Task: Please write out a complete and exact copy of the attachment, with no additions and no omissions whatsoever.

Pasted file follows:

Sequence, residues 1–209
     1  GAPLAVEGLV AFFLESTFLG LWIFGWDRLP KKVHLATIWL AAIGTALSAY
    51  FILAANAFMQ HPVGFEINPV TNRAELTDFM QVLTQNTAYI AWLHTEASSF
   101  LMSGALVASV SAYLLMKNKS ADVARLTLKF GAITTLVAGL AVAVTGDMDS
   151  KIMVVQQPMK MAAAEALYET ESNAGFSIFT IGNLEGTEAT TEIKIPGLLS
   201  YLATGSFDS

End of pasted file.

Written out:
Sequence, residues 1–209
     1  GAPLAVEGLV AFFLESTFLG LWIFGWDRLP KKVHLATIWL AAIGTALSAY
    51  FILAANAFMQ HPVGFEINPV TNRAELTDFM QVLTQNTAYI AWLHTEASSF
   101  LMSGALVASV SAYLLMKNKS ADVARLTLKF GAITTLVAGL AVAVTGDMDS
   151  KIMVVQQPMK MAAAEALYET ESNAGFSIFT IGNLEGTEAT TEIKIPGLLS
   201  YLATGSFDS